HUD Provides Guidance to PHAs on Implementing Smoke-Free Public Housing Rule
HUD recently published Notice PIH-2017-03, which provides guidance to public housing agencies (PHAs) regarding the implementation and enforcement of smoke-free policies as required by HUD’s final rule prohibiting smoking in public housing. The effective date of the rule is Feb. 3, 2017, and PHAs will have 18 months to implement their smoke-free policies.
According to the rule, PHAs must design and implement a policy barring the use of prohibited tobacco products in all public housing units, interior common areas, and outdoor areas within 25 feet of public housing and administrative office buildings (collectively referred to as “restricted areas”). Prohibited tobacco products are defined as items that involve the ignition and burning of tobacco leaves, such as cigarettes, cigars, pipes, and water pipes (also known as hookahs). Interior common areas include but are not limited to hallways, rental and administrative offices, community centers, day care centers, laundry centers, and similar structures.
Communication of Policy
The guidance encourages PHAs to work with resident councils, provide residents with information on cessation assistance, post notices, and distribute information to residents about the smoke-free policy. The notice says early engagement with residents in policy development, implementation, and enforcement are less likely to result in evictions.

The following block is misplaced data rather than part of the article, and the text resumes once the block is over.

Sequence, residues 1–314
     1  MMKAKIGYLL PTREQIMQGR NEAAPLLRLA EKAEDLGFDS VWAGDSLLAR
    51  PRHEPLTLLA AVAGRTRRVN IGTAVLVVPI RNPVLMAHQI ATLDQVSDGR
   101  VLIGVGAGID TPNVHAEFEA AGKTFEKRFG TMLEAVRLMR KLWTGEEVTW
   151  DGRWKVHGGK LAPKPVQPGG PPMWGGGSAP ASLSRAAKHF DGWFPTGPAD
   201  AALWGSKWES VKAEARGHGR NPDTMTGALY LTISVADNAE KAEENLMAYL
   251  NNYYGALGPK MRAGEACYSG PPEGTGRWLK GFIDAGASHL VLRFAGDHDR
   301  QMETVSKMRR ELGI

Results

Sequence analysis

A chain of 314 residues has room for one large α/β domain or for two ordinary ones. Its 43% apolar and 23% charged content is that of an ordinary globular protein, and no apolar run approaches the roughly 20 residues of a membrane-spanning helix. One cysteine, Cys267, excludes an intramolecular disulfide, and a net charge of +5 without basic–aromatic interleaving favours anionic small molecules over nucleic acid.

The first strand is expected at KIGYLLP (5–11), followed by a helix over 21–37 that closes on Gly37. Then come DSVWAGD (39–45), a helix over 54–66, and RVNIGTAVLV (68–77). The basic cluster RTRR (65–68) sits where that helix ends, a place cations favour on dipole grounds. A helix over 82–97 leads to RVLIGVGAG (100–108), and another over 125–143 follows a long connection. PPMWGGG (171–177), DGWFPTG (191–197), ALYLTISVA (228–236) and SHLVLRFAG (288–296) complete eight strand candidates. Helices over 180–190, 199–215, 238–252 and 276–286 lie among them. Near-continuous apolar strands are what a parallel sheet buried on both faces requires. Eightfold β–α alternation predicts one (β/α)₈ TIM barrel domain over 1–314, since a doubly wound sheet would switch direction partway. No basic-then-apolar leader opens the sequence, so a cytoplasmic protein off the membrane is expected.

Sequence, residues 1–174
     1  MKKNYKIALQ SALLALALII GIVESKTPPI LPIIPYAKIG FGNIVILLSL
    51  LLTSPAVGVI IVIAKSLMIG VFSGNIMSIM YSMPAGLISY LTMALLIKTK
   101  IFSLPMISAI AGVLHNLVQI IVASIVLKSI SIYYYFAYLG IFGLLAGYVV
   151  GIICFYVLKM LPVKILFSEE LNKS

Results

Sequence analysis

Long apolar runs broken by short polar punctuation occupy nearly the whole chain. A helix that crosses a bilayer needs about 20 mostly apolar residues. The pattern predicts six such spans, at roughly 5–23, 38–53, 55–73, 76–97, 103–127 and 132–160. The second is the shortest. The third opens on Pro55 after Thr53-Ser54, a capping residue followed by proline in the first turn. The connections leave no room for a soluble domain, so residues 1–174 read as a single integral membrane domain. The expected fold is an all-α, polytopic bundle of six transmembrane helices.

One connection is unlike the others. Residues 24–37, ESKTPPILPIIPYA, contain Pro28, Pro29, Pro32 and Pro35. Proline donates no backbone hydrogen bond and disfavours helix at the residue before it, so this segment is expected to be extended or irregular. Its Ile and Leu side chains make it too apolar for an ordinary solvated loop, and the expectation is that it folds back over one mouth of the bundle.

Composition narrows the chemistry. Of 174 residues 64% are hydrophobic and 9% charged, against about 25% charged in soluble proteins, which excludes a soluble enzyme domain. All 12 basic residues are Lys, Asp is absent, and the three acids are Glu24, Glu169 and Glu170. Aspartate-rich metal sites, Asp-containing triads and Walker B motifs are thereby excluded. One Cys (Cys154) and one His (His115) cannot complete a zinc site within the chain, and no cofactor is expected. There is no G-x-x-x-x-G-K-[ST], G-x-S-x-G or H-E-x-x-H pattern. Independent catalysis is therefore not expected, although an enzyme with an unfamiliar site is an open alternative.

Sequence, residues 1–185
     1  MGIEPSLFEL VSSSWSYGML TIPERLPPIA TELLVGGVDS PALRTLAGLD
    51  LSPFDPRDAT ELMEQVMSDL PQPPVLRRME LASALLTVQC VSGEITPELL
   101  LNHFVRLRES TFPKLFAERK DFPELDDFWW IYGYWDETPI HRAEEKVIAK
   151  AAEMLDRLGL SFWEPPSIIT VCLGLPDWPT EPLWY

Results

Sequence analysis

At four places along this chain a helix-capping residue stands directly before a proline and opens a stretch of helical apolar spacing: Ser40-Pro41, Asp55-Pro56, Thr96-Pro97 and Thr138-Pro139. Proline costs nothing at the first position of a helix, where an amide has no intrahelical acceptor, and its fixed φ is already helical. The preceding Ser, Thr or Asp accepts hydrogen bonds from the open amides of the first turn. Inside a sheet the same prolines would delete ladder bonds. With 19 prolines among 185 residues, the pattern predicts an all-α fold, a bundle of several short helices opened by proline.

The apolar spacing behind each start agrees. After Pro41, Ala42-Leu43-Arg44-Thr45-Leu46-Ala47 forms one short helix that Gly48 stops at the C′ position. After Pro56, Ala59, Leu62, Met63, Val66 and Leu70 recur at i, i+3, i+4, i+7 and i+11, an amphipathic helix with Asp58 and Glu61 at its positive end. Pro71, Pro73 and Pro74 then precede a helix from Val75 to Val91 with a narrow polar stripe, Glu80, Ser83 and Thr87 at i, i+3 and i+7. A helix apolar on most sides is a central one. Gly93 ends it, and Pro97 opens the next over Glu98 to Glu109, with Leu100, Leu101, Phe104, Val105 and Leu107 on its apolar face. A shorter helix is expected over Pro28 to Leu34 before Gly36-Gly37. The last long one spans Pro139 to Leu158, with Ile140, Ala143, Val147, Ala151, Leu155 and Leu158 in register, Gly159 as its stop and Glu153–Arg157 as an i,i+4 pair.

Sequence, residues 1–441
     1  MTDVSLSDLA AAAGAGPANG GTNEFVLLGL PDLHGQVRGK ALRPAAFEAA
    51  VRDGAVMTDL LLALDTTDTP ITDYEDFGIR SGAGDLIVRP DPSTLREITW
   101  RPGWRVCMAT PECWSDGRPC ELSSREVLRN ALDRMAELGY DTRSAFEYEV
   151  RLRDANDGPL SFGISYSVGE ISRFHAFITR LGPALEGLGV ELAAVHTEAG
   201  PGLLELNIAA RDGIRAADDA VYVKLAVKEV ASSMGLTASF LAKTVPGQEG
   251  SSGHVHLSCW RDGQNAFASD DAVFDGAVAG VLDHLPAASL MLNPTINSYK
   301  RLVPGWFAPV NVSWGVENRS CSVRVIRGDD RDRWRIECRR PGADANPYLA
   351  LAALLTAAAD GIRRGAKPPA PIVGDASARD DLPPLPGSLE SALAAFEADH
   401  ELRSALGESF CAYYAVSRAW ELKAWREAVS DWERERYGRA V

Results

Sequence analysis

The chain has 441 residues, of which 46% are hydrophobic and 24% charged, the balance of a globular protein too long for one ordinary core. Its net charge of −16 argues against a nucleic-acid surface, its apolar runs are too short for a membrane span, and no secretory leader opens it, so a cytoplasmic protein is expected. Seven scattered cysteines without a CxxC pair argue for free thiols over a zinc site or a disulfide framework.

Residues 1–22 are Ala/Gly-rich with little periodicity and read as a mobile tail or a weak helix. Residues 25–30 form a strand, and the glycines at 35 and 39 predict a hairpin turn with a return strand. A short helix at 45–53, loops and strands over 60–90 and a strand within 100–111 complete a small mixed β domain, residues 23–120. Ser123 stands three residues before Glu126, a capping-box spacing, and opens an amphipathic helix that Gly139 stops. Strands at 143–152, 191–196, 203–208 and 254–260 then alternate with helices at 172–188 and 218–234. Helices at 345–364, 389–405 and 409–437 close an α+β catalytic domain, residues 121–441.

The guidance recommends PHAs to post signs that reference the new smoke-free policy. These signs must be accessible to all residents and visitors (including persons with disabilities), and must be posted in multiple languages consistent with the HUD’s current guidance on Limited English Proficiency. PHAs are also encouraged to use various communication methods such as letters, flyers, and seminars to share this information.
According to the notice, PHAs are required to amend individual resident leases to incorporate the smoke-free policies. All residents must sign the lease amendment as a condition of their continuing occupancy. Specifically, the amendments must incorporate the requirement that residents in public housing, members of a resident’s household, resident’s guest, or other person under the resident’s control must not engage in any smoking of specified prohibited tobacco products (including any electronic nicotine delivery system products) in restricted areas, or in other outdoor areas that the PHA has designated as smoke-free.
The PHA must notify a resident of a written revision to an existing lease at least 60 days before the lease revision is to take place, and give residents a reasonable amount of time for the resident to accept the revision. Additionally, PHAs may provide a specific date that the policy will take effect. Lease amendments may be processed anytime during the 18-month required time frame and lease amendments should note the availability and location of any designated smoking areas (DSAs).
PHAs will have flexibility as to how the lease amendment process occurs doing the 18-month implementation period after the rule’s effective date.
Designated Smoking Areas